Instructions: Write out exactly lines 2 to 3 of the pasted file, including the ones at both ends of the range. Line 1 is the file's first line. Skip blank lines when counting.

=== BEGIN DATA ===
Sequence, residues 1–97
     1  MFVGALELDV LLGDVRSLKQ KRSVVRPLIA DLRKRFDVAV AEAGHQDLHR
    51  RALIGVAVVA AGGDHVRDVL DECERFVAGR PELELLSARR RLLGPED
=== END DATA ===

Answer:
     1  MFVGALELDV LLGDVRSLKQ KRSVVRPLIA DLRKRFDVAV AEAGHQDLHR
    51  RALIGVAVVA AGGDHVRDVL DECERFVAGR PELELLSARR RLLGPED